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Shedding Light on Mistruths About Cryptocurrency Lending

The world of crypto banking is different from your traditional bank.

Cryptocurrency has had mainstream attention for more than two years, yet despite the constant coverage of the industry, crypto lending is still a mystery to many.

For every piece of valid published information, there are multiple pretenders trying to get uneducated investors to “buy in” to their product or service by passing mistruths and omission-riddled, misinformation as fact. This is all the result of the crypto world facilitating the growth of its markets—which should be applauded—but there’s plenty to look out for and avoid.

For the market to continue its growth, it needs to make sure its assets are easily available for investors to lend and borrow. Mainstream interest is high thanks to the market value for the 10 most popular cryptocurrencies being well over $100 billion. Without the ability to easily make these transactions, the crypto markets would be in real trouble.

There are many firms that offer the ability to loan and borrow cryptocurrencies. Some even allow the same abilities as traditional banks, including being able to issue crypto loans on a secured basis—where loans are secured by cash or other cryptocurrencies—or lend cash to a broker while holding crypto as collateral.

The marketplace for these services is similar to those of traditional cash and securities. Those that have high-value volatility, which is a perceived weakness, are more expensive to borrow compared with collateralized loans, which cost less than uncollateralized loans.

Whether you’re lending or borrowing cryptocurrencies, you need to be aware of the below facts.

People borrow crypto to short sell it in the market if they think the price will go down. You can’t sell something you don’t have. To sell something short, you must borrow that asset to deliver when you sell it. The stock portfolios at leading brokerages, prime brokers and custodian banks are regularly lent to other institutions in order to allow others to short those positions. The real question is: Do you want people shorting your crypto?

Lenders need to make sure they have some type of collateral to secure their loans. It’s widely accepted that the high price volatility of cryptocurrency makes it a riskier loan. Whether there’s collateral in a traditional sense or simply the borrower’s reliability, this is paramount for lenders. Loaning cash or crypto to someone without collateral is a risk. Say they declare bankruptcy. If you’re lucky, you will lose some of what you lent, but you’ll likely lose it all.

If borrowers want to borrow cash against their crypto, they will get only a fraction of the value of it in cash. The amount of a loan is dependent on the value of the given cryptocurrency. For this reason, using a stable coin for collateral usually nets a higher cash loan.

Crypto brokers are usually less creditworthy than well-established brokers and banks. It’s for this reason that lenders pay more for loans in U.S. dollars. These are considered loans because institutions like Coinbase are not regulated banks and can’t give the same protections to lenders. These protections include segregated accounts and capital, which guard lenders and borrowers from defaulting. 

Just as there are important market realities and facts to consider regardless of whether you are taking out a crypto loan or lending, there are plenty of untruths that have led lenders and borrowers astray.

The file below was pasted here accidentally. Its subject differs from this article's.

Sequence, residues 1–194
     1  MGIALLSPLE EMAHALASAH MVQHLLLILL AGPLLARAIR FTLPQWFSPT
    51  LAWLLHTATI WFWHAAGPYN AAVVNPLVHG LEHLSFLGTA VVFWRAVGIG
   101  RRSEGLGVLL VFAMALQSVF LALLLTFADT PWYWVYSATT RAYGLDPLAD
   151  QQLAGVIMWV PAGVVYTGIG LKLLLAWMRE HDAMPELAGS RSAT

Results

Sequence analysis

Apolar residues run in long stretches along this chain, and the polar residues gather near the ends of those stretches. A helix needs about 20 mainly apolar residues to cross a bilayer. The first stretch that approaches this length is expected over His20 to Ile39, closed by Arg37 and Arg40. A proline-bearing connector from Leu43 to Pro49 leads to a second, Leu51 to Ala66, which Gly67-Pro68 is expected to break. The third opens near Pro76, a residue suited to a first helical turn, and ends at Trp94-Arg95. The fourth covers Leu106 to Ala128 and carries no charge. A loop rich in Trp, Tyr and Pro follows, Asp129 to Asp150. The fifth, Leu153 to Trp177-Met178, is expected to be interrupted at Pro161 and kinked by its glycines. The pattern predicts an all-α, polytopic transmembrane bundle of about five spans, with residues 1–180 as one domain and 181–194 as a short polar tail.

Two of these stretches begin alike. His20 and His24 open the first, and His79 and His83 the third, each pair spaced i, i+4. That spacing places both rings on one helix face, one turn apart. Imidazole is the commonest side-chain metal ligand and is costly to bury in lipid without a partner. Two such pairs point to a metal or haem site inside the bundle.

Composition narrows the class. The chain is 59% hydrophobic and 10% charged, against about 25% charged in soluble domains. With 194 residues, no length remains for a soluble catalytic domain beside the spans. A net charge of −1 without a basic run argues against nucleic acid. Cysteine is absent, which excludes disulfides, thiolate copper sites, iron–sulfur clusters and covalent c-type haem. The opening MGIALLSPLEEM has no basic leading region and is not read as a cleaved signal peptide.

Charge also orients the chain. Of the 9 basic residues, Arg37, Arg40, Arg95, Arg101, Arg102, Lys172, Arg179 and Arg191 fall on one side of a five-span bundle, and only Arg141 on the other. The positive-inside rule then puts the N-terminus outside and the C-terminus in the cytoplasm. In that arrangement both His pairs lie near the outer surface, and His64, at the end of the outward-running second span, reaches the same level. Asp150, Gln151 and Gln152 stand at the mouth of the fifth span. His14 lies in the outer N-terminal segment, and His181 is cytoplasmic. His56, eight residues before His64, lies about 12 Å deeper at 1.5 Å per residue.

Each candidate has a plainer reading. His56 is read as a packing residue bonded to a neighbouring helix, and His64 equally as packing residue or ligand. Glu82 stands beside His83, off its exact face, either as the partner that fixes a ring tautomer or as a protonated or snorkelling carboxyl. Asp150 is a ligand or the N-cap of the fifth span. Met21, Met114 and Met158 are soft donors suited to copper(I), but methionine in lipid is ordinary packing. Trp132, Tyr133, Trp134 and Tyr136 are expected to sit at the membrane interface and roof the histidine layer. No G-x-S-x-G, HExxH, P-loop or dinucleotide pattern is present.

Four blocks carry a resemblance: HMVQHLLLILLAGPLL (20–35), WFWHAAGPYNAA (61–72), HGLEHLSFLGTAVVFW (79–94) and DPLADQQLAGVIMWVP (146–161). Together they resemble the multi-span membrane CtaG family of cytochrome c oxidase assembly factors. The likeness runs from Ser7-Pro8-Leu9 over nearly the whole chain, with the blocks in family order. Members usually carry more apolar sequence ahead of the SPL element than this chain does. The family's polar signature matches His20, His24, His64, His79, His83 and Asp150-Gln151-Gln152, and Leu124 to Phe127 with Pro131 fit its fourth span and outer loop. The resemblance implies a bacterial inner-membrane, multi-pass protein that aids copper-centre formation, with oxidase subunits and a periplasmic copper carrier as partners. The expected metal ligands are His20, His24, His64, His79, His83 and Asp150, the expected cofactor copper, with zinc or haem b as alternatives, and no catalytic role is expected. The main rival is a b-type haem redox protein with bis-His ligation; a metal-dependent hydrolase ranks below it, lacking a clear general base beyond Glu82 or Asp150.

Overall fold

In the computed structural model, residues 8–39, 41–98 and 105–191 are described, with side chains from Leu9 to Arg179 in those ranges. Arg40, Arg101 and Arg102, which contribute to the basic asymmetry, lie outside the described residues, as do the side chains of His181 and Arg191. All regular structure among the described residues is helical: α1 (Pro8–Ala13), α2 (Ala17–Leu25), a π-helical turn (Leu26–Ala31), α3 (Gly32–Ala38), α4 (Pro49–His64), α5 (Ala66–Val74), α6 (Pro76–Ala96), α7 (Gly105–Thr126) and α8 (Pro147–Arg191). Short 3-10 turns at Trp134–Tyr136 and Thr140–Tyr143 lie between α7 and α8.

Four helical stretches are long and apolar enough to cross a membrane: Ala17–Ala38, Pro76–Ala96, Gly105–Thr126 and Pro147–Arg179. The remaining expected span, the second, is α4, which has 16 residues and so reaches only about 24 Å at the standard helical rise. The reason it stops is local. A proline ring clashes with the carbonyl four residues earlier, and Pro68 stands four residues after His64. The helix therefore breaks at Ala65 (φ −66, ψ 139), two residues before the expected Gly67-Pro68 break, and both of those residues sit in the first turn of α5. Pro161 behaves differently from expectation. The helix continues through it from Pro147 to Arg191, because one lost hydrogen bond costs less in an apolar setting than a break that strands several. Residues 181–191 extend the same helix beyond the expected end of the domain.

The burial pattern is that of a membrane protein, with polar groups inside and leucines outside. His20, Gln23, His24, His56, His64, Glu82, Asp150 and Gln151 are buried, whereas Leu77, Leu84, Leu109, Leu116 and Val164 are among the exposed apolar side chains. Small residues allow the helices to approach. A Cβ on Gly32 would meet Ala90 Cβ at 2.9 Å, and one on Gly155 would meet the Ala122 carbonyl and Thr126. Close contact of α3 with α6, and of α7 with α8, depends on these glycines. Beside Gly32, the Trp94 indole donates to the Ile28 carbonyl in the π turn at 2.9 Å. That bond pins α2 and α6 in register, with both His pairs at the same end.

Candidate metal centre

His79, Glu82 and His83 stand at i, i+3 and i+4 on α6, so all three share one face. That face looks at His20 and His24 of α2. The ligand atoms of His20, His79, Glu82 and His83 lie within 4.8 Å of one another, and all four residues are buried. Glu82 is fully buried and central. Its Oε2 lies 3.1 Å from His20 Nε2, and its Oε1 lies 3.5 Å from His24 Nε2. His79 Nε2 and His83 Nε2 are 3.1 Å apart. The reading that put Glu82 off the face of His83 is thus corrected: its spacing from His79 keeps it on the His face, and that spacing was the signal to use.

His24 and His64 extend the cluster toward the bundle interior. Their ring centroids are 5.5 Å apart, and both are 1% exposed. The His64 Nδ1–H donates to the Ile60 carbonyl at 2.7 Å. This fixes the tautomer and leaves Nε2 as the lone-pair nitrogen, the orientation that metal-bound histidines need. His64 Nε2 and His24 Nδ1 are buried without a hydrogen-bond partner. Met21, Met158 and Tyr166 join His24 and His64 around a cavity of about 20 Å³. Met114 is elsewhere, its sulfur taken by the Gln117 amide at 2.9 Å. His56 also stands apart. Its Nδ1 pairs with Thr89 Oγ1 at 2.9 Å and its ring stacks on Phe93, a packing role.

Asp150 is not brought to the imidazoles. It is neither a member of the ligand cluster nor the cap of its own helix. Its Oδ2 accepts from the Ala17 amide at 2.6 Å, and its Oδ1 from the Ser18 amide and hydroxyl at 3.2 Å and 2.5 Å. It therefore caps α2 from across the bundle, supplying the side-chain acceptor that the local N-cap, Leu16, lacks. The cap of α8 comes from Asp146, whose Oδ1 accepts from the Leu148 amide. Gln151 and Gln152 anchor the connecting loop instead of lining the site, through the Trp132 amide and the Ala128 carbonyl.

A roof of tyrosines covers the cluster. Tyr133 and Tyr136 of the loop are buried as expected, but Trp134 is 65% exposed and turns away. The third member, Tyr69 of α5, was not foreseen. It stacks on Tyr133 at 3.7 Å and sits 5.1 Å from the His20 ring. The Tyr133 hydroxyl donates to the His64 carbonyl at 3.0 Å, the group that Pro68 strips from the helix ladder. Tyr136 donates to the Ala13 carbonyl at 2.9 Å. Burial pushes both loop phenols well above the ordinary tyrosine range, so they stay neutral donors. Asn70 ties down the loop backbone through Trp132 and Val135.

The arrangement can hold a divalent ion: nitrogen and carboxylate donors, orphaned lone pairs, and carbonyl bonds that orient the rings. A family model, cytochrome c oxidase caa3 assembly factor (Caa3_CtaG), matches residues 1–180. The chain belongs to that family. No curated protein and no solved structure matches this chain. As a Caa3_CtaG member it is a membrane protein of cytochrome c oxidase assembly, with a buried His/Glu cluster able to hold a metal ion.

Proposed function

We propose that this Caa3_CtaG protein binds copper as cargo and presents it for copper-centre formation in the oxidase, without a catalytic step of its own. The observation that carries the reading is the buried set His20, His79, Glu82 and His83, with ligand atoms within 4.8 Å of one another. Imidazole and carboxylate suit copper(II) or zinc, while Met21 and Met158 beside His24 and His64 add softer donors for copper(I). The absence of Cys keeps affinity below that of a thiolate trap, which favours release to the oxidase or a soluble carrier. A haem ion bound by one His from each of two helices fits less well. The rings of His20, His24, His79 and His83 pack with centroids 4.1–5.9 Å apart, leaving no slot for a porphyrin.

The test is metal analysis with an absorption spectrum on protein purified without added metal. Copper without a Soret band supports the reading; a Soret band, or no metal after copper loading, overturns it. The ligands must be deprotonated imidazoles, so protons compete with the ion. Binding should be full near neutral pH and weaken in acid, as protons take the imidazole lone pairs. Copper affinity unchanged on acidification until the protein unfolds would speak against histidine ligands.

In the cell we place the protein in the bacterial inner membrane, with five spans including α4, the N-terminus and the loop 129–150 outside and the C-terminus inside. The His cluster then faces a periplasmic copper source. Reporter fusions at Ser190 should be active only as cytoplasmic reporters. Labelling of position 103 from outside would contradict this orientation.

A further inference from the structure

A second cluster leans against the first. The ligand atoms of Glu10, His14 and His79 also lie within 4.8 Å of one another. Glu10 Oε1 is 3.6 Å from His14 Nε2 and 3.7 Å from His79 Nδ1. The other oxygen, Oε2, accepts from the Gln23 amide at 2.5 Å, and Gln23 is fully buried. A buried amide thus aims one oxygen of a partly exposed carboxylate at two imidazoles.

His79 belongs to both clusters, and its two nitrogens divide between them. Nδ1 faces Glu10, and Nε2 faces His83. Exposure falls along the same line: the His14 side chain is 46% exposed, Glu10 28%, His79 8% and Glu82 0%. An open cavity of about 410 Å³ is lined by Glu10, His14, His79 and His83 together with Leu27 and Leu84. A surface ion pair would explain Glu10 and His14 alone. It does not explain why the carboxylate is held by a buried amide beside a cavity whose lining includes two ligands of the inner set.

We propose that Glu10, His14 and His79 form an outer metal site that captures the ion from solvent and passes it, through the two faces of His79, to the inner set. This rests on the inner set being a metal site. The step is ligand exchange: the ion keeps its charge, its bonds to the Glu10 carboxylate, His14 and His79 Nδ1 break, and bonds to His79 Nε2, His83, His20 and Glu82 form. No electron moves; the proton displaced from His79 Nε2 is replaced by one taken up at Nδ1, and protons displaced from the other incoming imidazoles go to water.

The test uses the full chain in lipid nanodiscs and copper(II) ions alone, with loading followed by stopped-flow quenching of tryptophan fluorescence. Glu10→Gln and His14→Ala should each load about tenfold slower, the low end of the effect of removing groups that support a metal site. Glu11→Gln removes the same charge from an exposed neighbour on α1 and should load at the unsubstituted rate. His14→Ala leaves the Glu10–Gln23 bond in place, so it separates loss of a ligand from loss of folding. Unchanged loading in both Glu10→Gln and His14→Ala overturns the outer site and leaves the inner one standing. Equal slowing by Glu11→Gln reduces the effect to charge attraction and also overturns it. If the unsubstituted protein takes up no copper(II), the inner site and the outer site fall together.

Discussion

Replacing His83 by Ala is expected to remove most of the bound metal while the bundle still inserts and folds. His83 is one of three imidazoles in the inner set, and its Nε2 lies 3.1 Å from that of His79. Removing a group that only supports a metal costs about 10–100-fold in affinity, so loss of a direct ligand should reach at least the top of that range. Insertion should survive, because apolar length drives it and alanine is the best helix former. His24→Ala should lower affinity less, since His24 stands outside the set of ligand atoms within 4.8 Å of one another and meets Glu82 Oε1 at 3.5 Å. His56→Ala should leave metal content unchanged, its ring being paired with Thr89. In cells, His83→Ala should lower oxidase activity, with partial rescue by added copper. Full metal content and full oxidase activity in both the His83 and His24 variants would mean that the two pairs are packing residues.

Crypto lending platform Genesis Trading recently said, “Borrowing and lending using cryptocurrencies and cash are providing new and safe opportunities for our clients to maximize the growth of their retirement accounts."

It’s in Genesis’ best interest to encourage crypto lending, but its use of the word safe is inappropriate. Any loan—be it made to a broker, bank or person—is only as safe as the borrowers’ credit rating. Lending to a crypto broker doesn’t have the same protections that are afforded to other institutions under traditional banking laws.

Crypto lending companies aren’t the only ones that overstate the future of this practice. Stanford University professor Darrell Duffie recently declared that crypto lending will, “up-end,” traditional banking due to the high rates offered on crypto.

This statement overlooks several facts and is misleading when considered in the context of an unsecured crypto loan. Investors need to hold the crypto to capture the yield received from lending it. Crypto has higher rates because it's riskier to hold—remember that the crypto being lent out to the broker is being used to deliver on someone else’s short sell.

As with anything, it’s important to know the facts before trading. The world of crypto banking is different from your traditional bank. As attractive as the yields on lending crypto may sound, they may not produce returns that match the risks.

It’s important to remember that you can lose all your money doing this—there is no banking regulator, like the FDIC.

As an owner of cash or cryptocurrency, there are a handful of answers you should demand before you get involved with a loan.

  • What is the credit quality of my counterparty?
  • What are the risks of a default?
  • What protections do I have in the event of default?

The answers may or may not be straightforward, yet as you continue to ask these questions to your brokers, you will find the omissions in each broker’s answers can be significantly different.

You will find some who offer better terms to some customers than they do others. It behooves you to gather all the information you can regarding crypto lending. Just make sure you read it with a dubious eye.

Murphy McCann is a senior advisor at iTrustCapital

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